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Vol. 2 No. 1, 2013,




A Publication of the Population Studies and Research Institute





















PSRI NEWSLETTER shares information about the activities, experiences and findings of PSRI research programs with stakeholders. Produced biannually. To subscribe or for more information, please contact:


The Director,

Population Studies and

Research Institute,

University of Nairobi, Main


2nd Floor, Hyslop Building


Telephone: 334244 Ext.


Residential Address:

University Way

Main Campus, University of


2nd Floor

Telefax: 241829

Telegram: Varsity

  Telex: 23095




Use of information in this publication, wholly or in part, is permitted provided due credit is given.
























The Population Studies and Research Institute (PSRI) of the University of Nairobi was established in 1976 with the mandate to undertake postgraduate training, research and government backstopping in the field of population and development. To fulfill its mandate, PSRI has developed and implemented several academic programmes namely Diploma, MA / MSC and PhD in population studies, and a number of short courses. Over the years, several development partners have supported and worked with PSRI.


The Vision for PSRI is to be an exemplary centre of excellence for research, teaching and training in population studies and related areas.


The Mission of PSRI is to promote the understanding of population phenomena and related issues in pursuance for improvement of quality of life through: generation of knowledge on population and related areas; promoting dissemination and integration of such knowledge for the improvement of quality of life; and enhancing the capacity of individuals and institutions to generate and utilize population information for sustainable development.








Like many developing countries Kenya, still lacks population scientists required in the various sectors of the economy. PSRI is fully committed to training skilled population scientists for both the domestic and international market and to carry out research that is relevant to Kenyan economy. Research is carried out at the level of both the individual and the population, as both micro- and macro-level analysis can illuminate the key research issues.  The training and research carried out in the PSRI reflects the role of demography as a double bridge, between the biological and social sciences on the one hand, and between theory and policy on the other. For a bridge to function, it needs to be solidly secured at both ends. Thus the PSRI has expertise in areas that fall outside conventional definitions of demography, such as social aspects of reproductive health and HIV/AIDS, health system research and monitoring and evaluation.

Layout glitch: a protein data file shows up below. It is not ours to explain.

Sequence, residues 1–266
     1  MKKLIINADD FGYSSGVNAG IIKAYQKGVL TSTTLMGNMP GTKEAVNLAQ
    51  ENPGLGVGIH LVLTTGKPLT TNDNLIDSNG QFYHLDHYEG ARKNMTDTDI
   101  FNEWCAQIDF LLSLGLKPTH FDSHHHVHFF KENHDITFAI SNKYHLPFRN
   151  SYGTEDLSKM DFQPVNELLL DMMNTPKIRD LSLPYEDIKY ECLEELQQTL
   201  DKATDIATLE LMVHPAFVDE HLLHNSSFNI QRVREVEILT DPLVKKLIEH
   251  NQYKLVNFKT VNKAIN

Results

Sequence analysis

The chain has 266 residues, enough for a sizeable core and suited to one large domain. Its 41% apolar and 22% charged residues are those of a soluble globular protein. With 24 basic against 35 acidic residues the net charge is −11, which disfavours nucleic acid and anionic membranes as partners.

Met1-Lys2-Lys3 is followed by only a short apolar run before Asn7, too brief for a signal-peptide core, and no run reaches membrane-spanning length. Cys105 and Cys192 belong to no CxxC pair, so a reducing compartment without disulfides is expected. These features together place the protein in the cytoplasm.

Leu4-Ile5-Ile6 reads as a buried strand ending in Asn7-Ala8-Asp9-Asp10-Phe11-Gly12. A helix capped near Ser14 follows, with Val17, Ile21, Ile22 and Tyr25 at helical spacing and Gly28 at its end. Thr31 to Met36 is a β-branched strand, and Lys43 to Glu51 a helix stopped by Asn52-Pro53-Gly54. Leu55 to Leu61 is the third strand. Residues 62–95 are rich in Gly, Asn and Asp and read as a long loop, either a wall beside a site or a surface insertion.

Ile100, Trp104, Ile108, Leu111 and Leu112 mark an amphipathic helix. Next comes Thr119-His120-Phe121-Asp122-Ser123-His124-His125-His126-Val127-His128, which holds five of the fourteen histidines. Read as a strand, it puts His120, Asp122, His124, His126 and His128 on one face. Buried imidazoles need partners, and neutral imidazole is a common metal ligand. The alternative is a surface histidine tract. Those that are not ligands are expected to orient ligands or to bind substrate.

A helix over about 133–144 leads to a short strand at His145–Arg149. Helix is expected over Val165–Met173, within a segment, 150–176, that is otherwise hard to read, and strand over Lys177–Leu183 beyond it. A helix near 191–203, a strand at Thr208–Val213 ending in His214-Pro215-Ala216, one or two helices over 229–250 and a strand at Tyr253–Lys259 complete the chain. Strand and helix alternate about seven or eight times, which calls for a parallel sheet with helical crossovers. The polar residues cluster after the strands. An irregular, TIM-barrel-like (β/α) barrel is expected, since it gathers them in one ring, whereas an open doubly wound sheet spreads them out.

The work of PSRI is based on the belief that considerable benefits accrue from cross-disciplinary and collaborative research.  In the recent past, PSRI has sought and is still seeking to establish and strengthen collaborative work with a number of international institutions. These include, The African Population and Health Research Centre, The INDEPTH Network, The MEASURE Evaluation and The University of the Witwatersrand in South Africa, the National Coordinating Agency for Population and Development and Population Reference Bureau of USA.


In all its activities, PSRI is able to count on its committed academic staff, facilities and support staff. The computing, library and administrative staff provide support of high quality. This infrastructure and assistance, combined with the presence within the University of Nairobi and in Nairobi of a critical mass of scholars working on closely related themes, creates a stimulating and professional working environment.


In this Newsletter, we seek to share information about our activities, perspectives and experiences. We acknowledge with gratitude, the support of Hewlett Foundation towards the production of this Newsletter. We are grateful to the Publicity Committee of PSRI for preparing this newsletter.




Dr. Lawrence Ikamari

Director, PSRI











Master of Arts and Science Programme


The Master of Arts and Science courses in population studies are in general intended to prepare demographers and social scientists for careers in government service, the academic and private sectors. Students are exposed to a broad interdisciplinary perspective of the integration of population and development at individual, family, community, national and international levels. Particular attention is paid to acquisition of skills necessary for conducting high quality population research aimed at furthering the national development goals. In the Master of Science degree programme, particular attention is given to a level of mathematical competency necessary for conducting high quality research.  Its intention is to prepare graduates of science in mathematics or any other science with a strong quantitative background for the above mentioned careers.


PSRI offers both regular and parallel classes for these master degree programmes. The regular master degree programmes take two years and the parallel degree programmes take a minimum of four and maximum of ten semesters for parallel students. For either regular or parallel students, the programmes are conducted through course work, examination and project. The course structure is divided into core and elective courses. At the end of course work, a candidate is expected to have successfully completed at least ten core and three elective courses, before he/she embarks on his /her research project.


To qualify for admission into these two master degree programmes, a candidate must be holder of either BSC Upper Second Class Honours in mathematics or BA Upper Second Class honours or equivalent qualifications from recognized institutions. Holders of either second class honors or pass degrees may also be considered provided they have additional relevant professional or working experience.